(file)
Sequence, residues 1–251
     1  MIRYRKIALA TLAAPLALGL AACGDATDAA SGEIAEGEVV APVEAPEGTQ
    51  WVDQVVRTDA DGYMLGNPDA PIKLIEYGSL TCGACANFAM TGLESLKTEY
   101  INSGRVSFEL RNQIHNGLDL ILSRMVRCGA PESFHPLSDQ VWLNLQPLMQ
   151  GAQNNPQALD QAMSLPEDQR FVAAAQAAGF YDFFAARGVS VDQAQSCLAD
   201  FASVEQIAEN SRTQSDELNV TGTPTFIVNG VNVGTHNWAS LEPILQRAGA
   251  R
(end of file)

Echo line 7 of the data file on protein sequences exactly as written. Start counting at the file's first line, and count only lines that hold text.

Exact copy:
   251  R